Look before you tweet: The cautionary tale of @JoshGordon

What happens when you share a name with an athlete who's more famous for his off-the-field antics? And what happens when you beat him to that name on Twitter?

Somewhere in Brooklyn, New York, an iPhone pings.

A Twitter notification comes in. And then another. A few more trickle in over the next few minutes. 


“I love weed too bro.”

“You are despicable.” 

These tweets, and dozens more like them, have two very important things in common. First, they’re all meant for suspended Cleveland Browns wide receiver Josh Gordon. 

Second, they’re all being hurled at the wrong person.


Meet Josh Gordon.


Josh is a middle-aged sales and marketing expert who resides in New York City, and the owner of his own company. He is also the owner of @JoshGordon on Twitter, and thus the recipient of hundreds of misdirected tweets intended for that Josh Gordon, the troubled NFL star who has yet to be reinstated by the NFL after failing multiple tests for banned substances.

The tweets Gordon incorrectly receives run the gamut, ranging from sympathetic and understanding to... neither of those things. Some are nasty. Even more are nonsense. Many are snarky. Most are incorrectly punctuated. 





“Yeah. It’s been a weird journey,” the non-football-playing Gordon told WFNY in a recent email. “I’ve gotten flamed many times on Twitter. People cursing me for being such a dumb ass [...] or just commenting on a play he made... when he was playing.”(1)

Those Twitter users doing said commenting are just as varied as their misguided @ mentions. There are aggressively confused Browns fans in the mix, of course, but just as many of those launching tweets at @JoshGordon seem to be bigger fans of marijuana than anything related to football. 




And then, there’s Gordon... the polar opposite. But the seemingly mild-mannered author of four books who also runs the sales and marketing-themed JoshGordon.com, says he takes his frequently mistaken identity in stride.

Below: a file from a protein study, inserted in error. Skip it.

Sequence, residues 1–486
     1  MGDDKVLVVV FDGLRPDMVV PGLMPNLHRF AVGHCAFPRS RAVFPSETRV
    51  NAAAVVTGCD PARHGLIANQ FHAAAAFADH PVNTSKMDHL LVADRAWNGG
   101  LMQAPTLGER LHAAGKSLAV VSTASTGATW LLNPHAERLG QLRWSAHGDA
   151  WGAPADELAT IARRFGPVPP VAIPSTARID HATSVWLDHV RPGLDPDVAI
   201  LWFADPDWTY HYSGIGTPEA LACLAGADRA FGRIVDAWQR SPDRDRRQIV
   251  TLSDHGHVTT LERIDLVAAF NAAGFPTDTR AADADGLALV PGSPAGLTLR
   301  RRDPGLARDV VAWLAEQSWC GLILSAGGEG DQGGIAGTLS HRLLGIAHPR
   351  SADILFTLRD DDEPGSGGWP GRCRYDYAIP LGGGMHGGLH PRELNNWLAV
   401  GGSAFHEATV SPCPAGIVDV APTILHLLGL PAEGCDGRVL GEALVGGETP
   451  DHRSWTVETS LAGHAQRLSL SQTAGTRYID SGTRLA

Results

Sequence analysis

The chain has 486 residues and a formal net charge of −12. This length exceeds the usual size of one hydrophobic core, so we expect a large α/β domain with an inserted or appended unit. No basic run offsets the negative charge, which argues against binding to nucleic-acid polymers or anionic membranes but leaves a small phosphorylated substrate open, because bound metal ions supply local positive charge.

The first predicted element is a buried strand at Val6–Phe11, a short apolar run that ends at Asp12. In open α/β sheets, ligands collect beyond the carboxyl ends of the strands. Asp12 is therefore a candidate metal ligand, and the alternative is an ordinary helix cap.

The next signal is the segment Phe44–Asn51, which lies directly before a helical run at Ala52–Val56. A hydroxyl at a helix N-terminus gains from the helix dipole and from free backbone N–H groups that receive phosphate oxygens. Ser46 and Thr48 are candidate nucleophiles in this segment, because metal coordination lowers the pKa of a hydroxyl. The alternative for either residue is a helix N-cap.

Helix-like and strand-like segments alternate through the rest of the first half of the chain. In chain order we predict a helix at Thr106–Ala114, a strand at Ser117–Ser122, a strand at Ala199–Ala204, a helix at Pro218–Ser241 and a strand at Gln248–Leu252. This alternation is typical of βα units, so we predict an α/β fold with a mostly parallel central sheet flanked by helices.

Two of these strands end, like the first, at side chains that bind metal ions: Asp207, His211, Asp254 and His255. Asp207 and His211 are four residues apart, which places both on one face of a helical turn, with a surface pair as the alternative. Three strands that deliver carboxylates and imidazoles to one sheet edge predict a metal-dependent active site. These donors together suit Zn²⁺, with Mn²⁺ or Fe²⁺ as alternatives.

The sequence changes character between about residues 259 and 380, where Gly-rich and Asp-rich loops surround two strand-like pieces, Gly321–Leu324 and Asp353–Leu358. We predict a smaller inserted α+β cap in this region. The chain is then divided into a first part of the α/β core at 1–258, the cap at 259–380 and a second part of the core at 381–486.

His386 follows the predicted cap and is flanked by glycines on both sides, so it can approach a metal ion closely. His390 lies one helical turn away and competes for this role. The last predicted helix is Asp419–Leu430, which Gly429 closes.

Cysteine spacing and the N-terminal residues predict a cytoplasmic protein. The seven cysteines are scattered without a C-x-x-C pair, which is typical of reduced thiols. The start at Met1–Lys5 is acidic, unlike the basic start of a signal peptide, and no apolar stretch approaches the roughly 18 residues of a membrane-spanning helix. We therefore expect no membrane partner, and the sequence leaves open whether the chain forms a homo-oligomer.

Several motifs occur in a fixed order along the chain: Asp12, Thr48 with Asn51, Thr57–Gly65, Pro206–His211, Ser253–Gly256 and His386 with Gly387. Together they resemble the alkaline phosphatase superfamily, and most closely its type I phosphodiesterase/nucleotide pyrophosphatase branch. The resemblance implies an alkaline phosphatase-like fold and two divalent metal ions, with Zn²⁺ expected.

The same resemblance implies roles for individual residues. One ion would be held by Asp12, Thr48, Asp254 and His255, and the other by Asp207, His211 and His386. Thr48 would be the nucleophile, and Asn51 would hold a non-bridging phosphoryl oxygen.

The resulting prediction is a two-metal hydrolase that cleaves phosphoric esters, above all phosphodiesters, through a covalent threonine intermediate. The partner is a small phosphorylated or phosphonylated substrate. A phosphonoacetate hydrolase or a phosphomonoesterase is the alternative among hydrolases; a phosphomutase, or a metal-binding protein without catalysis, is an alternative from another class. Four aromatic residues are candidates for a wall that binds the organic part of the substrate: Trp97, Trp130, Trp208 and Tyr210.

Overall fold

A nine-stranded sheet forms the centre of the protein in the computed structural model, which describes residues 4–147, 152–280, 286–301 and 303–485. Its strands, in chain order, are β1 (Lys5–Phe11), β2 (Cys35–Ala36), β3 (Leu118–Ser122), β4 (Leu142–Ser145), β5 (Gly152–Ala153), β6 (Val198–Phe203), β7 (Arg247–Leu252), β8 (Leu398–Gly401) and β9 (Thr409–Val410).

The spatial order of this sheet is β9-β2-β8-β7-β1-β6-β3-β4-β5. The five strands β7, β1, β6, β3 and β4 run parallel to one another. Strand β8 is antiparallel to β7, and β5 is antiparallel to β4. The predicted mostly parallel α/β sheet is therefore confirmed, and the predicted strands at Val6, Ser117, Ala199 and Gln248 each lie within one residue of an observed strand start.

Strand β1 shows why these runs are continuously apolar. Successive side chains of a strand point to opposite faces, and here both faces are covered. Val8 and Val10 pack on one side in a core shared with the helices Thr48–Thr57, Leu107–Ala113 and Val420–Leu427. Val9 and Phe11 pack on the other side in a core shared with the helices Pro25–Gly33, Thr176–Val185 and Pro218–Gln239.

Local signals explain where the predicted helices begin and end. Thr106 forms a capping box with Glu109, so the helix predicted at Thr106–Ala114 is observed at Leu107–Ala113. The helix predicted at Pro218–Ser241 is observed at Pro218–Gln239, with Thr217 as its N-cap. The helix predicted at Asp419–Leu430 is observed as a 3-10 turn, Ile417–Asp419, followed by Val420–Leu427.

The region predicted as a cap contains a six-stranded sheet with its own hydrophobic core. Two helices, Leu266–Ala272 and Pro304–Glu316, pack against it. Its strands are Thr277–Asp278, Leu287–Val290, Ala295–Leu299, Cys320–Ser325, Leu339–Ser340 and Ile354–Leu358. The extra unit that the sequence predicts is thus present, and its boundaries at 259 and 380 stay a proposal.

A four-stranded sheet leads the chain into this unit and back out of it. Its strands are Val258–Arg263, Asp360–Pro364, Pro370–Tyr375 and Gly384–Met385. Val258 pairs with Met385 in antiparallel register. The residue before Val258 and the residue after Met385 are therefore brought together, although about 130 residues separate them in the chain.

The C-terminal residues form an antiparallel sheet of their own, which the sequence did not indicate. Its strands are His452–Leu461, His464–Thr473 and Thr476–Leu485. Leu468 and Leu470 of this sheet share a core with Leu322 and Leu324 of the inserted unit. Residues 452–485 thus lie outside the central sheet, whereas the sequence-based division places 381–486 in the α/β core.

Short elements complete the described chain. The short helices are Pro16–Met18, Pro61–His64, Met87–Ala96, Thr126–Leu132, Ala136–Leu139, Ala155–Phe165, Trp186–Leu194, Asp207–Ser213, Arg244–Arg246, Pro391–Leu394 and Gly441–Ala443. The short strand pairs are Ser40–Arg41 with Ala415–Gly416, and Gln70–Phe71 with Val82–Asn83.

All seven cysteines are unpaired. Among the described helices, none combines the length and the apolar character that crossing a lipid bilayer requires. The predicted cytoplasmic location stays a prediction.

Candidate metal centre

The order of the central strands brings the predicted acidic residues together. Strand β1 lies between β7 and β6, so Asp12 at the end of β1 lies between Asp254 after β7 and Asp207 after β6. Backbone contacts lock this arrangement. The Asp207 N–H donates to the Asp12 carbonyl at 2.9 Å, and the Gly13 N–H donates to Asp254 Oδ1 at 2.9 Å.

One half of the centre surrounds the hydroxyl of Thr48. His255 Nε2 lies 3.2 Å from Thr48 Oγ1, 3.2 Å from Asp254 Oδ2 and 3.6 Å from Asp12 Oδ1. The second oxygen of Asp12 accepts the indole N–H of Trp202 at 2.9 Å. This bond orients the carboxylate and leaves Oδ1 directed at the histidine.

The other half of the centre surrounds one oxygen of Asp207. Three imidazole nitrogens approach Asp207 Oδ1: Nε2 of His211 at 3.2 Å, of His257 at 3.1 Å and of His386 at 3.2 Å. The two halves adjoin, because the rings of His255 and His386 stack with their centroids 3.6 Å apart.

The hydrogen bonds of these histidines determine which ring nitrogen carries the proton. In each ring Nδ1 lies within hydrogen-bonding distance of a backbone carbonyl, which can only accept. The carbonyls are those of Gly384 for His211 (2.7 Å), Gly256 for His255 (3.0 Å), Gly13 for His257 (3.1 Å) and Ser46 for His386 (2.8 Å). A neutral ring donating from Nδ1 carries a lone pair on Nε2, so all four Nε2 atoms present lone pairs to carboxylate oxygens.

“In one business meeting, there were a lot of football fans who thought it was great fun to tease me about where I was hiding my drug stash and asked for a referral to my dealer,” he told WFNY. “I’m not the druggie type, so they thought it was great fun. I just took it as good-natured fun and rolled with it.”

Gordon said that if people do accidentally end up on his website looking for that other Josh Gordon, they see right away that he’s not the Cleveland Browns player. Instead of finding the man who’s gallivanting around the Hollywood Hills with Johnny Manziel, they find a man who’s gallivanting around Brooklyn in a Dodge Stratus. Instead of snapbacks, squats, and squad goals, visitors to JoshGordon.com find sales, strategies, and stock photography.

As clear as his website may be, it’s social media that continues to have many users confused. And, while there are more than 105 other users who go by “Josh Gordon” on Twitter, there’s only one who holds the handle @JoshGordon. 


As for the other Josh Gordon, the troubled NFL star has been noticeably quiet on Twitter, recently deleting all tweets dating back to mid-February. He went on a bit of a liking spree throughout the NFL draft, but has been mum since cutting his feed back to this cryptic post:


The hero of our story, that’s “non-football-playing Josh Gordon” to you, posts a few times a week on topics ranging from marketing and media to advertising and tech trends. One thing he doesn’t do, however, is check those @ mentions. 

“My problems all come from Twitter,” he said. “Now that I think about it, I have actually have stopped reading my Twitter stream. I used to read it at least a few times a week.” 


(1) Is that a burn, non-football-playing Josh Gordon?

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